This is what it sounds like WHEN DOVES CRY (and outdoor writers whine)By PHIL DIFATTA,
I was busy wrapping up at work one September Saturday when the phone rang just before noon.
“Phillip, you gotta get out here,” a friend insisted. “Doves are flying like mad, and we're fixin' to throw a bunch on the grill.”
The “friend” told me that birds were coming into his dad's field by the hundreds, and that even I could get the limit. “Bring Daniel, too” he said.
My son, Daniel, was about 8-years-old at the time, and the invite sounded great to me. So I called Daniel and told him to get ready.
After I loaded up, I sorta' stretched the speed limit on my way home (apologies to the Hattiesburg Police Department and the Mississippi Highway Patrol), but I was really pumped!
When I picked up Daniel, I thought I might as well take my young Labrador retriever, Bear, to see if he could live up to his name – retriever.
I was floating on a cloud all the way to the hunt. After all, opening day of dove season is one of the most anticipated days of the year for Mississippi hunters, and I'm one of 'em.
Upon arrival, Daniel and I enjoyed hot-off-the-grill dove breasts, then we headed to a clump of brush on the edge of the field.
I'd shot a couple of birds and quickly found out that Bear was certainly not a dove retriever.
But that was okay.
At least the dog didn't try to eat the birds I'd shot, and the birds were really starting to flock in. Daniel and I were loving it … until about a half-dozen men in khaki uniforms stepped out into the field at various points. Game wardens!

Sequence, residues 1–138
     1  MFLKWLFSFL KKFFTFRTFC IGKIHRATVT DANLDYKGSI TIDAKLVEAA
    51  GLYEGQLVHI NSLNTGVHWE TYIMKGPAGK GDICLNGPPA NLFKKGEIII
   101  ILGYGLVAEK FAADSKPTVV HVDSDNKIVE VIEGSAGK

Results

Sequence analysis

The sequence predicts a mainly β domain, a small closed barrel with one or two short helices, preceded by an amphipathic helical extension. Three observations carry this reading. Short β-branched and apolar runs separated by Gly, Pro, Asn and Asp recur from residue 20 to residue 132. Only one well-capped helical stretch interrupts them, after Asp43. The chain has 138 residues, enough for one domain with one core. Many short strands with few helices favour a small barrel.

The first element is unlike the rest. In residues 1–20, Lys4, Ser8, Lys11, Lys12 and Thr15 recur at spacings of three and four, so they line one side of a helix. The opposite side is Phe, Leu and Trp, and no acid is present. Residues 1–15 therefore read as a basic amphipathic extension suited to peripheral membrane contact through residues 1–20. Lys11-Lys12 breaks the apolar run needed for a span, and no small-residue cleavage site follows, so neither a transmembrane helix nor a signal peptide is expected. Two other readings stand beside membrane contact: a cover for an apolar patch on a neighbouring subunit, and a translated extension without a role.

Since it is against the law to shoot migratory birds without a plug in your gun, that's the only thing I had to worry about.
I couldn't remember if I had replaced it after turkey season or not. Upon checking, I found that I had, so I had no worries when an officer finally got around to Daniel and me.
“Sir, did you know you are hunting over a baited field?” the officer asked politely.
When he asked for my license, I was a nervous wreck. Still, I had knowingly done nothing wrong, with emphasis on “knowingly.”
“No, sir,” I answered even more politely.
I explained that I had walked the field before shooting to see if there was any grain on the ground, and that I didn't find anything.
That's the truth, because I was aware that it is my responsibility to check the field.
The officer genuinely felt bad for me, especially since I had my young son with me.
But regardless of whether I knew or not that the field had recently been baited, he had to do his job, and I can respect that.
Besides, when all was said and done, the landowner felt so bad for his guests that he insisted he pay our fine, which he did.
That was “all she wrote” as far as that dilemma was concerned.
Well, not really.
You see, a reporter from the newspaper I was writing for at the time got wind of my misfortune and she couldn't wait to write about it so the whole world would know.
It would have been real embarrassing but, fortunately, that newspaper had a total of maybe two readers, which is why I am boring you from the pages of this popular newspaper, The PineBelt NEWS.
Hunters, and wannabe hunters, believe it or not, there is a lesson to be learned from this Weekly Mistake.
With dove season only a couple of weeks away, you must prepare now!
That means inspecting your gun for malfunctions, patterning it and, of course, making sure it has a plug.
Check your license to be sure it is still valid.
As for regulations on hunting doves, I could write (actually, plagiarize) a book on dove regulations.
My best advice to you on that subject would be to visit the Mississippi Department of Wildlife, Fisheries & Parks website.
If you're like me (God help you),you might need a law degree to understand parts of it, but with state and federal regulations involved, the MDWFP website is your best bet to stay within the bounds of the law.
Good hunting, and until next time, whether you're a dove hunter or not, get out and enjoy what Mississippi's great outdoors has to offer.
You might need a portable air conditioner, but have fun, be safe, and take a kid with you … every time you can.
PineBelt News outdoor reporter Phil DiFatta may be reached by email at firstname.lastname@example.org. You can also text him photos and story ideas, with contact info, to (601) 596-4475.